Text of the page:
survey reveals that one year ago the greatest number of consumers said
their top priority expenses were vacations (25%) and dining out (24%).
Today, only seven percent named vacations as a high priority and dining
was named as a high priority for only eight percent.
The findings come from the new monthly “American Express Spending &
Saving Tracker” survey which also finds 60% of consumers intend to spend
about the same or more in the next 30 days, (compared to the last 30
days), but 40% plan to spend less. Among the 40% who said they would
spend less in the next 30 days, the top three reasons were “trying to
save money,” “reducing debt,” and that they “have the money but feel now
is not the time to spend.” The survey also found that consumersâ intend
to strengthen their household balance sheet. When asked what they would
do with $500 of found money, one-third of consumers said they would pay
off their regular monthly bills. One-in-four said they would apply it to
pay off credit card debt or save it. The new AmEx survey was conducted
by Echo Research.
The number of remote payment users across China is projected to double
by the end of 2013 for a total transaction value approaching US$14
billion. Regarding local payment services, still in its fledgling
stages, projections foresee 60 million users approaching a value of US$4
billion. According to research conducted through In-Stat, these elements
make China’s mobile payment services market a very competitive arena as
the focus of multiple companies and alternative technologies. Findings
also show SIM cards with RF SIM solutions customized by China Mobile are
expected to launch in mid-2010; +50% of respondents to In-Stat’s survey
express interest in using their mobile phones as a payment tool; and
36.7% of current mobile payment services users prefer to use payment
platforms funded by banks rather than any other institution type.
A new survey has found more consumers upbeat about the economy compared to this time last year due to lower gas prices and moderating food prices. However, given the length of the “Great Recession” Americans are still very much in the strategic spending mode. The survey from Information Resources found 23% of shoppers have a gift-giving budget over $799, down 13% from 2008 and 11% more plan on budgeting up to $499 this year for gifts than in 2008. More than 94% plan on spending no more than $500 on food and 90% plan on spending no more than $200 on holiday beer, wine, and spirits purchases. Also, 92% of consumers will be doing their holiday food shopping at the grocery store based on sales and discounts, product selection, and variety of items in stock. Additionally, there will be an 18% increase in online shopping from 2008, when only 41% of consumers shopped online. Finally, the overall effect of the recession on shopping decisions decreased nearly 5%.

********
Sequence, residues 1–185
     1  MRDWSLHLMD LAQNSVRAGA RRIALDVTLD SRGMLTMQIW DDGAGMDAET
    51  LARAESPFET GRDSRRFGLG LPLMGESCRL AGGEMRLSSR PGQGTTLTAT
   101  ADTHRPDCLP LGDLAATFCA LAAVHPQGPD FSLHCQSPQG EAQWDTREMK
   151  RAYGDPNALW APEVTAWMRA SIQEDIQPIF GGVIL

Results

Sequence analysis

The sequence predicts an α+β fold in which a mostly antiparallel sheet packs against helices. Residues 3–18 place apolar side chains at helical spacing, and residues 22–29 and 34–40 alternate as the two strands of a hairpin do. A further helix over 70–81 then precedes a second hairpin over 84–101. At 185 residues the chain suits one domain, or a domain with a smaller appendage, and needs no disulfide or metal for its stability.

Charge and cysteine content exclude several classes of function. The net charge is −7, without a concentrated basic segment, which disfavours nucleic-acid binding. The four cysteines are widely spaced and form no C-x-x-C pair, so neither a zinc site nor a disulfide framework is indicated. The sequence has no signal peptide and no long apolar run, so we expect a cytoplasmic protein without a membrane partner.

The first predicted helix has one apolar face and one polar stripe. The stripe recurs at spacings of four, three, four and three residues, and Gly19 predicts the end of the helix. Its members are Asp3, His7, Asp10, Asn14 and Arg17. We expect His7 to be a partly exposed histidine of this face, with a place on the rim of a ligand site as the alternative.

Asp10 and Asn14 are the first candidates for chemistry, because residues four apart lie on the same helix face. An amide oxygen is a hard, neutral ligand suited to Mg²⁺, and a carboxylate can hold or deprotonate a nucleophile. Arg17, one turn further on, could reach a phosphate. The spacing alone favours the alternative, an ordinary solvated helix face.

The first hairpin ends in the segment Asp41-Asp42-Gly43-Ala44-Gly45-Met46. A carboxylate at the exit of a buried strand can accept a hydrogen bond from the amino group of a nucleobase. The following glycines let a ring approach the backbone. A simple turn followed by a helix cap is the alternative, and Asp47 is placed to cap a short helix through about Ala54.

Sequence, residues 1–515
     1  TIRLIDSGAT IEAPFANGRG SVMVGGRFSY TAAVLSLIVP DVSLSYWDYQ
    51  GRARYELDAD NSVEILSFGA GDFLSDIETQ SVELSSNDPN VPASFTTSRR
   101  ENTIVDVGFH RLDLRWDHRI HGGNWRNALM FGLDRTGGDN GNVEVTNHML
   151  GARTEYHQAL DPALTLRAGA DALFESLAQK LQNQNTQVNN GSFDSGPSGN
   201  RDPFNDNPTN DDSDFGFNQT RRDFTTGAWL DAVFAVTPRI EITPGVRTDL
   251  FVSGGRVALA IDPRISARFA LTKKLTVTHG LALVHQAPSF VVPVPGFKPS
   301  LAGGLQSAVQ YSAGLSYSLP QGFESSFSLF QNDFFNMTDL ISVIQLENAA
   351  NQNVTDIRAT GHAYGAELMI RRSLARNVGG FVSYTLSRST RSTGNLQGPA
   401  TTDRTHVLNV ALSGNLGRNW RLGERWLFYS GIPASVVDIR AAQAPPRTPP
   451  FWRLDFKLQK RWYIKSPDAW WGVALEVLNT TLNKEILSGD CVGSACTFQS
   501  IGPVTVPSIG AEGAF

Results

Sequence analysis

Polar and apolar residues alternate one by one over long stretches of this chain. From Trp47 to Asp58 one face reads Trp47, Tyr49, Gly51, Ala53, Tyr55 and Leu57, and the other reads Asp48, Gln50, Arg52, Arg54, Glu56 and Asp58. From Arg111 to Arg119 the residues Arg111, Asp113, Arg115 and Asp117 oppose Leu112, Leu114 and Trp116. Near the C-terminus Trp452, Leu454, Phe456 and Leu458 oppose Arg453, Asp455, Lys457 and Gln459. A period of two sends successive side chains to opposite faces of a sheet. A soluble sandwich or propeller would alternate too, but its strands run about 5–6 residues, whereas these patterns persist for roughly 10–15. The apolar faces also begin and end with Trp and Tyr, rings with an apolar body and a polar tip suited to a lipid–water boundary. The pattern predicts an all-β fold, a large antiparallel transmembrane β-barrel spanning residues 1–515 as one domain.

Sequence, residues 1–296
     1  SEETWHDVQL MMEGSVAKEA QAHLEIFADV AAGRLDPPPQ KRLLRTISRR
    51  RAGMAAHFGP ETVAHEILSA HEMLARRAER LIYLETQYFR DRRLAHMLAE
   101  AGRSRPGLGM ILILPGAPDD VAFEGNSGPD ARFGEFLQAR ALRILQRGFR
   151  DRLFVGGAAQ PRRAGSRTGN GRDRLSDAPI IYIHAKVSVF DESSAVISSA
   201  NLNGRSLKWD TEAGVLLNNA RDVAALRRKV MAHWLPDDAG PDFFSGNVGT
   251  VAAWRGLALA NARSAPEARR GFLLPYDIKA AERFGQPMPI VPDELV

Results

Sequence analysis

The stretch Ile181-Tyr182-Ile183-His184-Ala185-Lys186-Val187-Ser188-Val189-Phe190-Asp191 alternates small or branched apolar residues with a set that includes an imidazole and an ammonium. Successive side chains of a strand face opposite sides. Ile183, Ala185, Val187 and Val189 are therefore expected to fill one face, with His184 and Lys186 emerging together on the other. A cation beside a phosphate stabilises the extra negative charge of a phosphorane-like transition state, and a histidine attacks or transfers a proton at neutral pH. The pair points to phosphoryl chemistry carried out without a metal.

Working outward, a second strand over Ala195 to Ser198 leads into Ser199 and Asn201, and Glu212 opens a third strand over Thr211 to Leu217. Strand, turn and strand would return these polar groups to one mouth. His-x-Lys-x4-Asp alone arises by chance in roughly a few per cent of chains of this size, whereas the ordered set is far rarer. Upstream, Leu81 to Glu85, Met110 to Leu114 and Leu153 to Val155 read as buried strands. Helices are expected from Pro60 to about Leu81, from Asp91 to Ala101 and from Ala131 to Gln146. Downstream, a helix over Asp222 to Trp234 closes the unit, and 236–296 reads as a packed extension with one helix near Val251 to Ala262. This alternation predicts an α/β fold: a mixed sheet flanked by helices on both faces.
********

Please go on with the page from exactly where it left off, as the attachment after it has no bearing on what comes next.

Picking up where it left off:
Economic confidence among small business owners rebounded in August to
its highest level in 18 months. It is the fourth consecutive monthly
climb and indicates small business owners may be ready to start trying
to grow their businesses again. The latest “Discover Small Business
Watch” index rose to 89.8, up 7.7 points from last month. The survey
also discovered the number of small business owners who think the
economy is getting worse dropped to 43% in August, the lowest reading
since the survey began three years ago. About 27% of small business
owners say they plan to increase spending on business development, such
as advertising, inventory and capital expenditures, which is up from 23%
in July. Additionally, 51% of owners say they have experienced cash flow
issues in the past 90 days, down from 53% in July.
A credit card ABS rating firm says it needs to see some measurable
improvement in the delinquency and personal bankruptcy figures and the
employment situation overall before charge-offs revert to more
historical norms. Fitch Ratings says that despite the one-month
improvement in July, most credit card ABS trusts remain pressured from a
charge-off perspective. Charge-offs had risen 45% from February through
July and they still remain 63% above year earlier levels. Late stage
delinquencies, or receivables more than 60 days past due, have held
relatively stable albeit near record highs during the same period
following a rapid increase over the prior six months that forewarned the
charge-off run-up. Fitch’s “Prime Credit Card Charge-off Index” declined
24 basis points to 10.55% for the July collection period. Despite the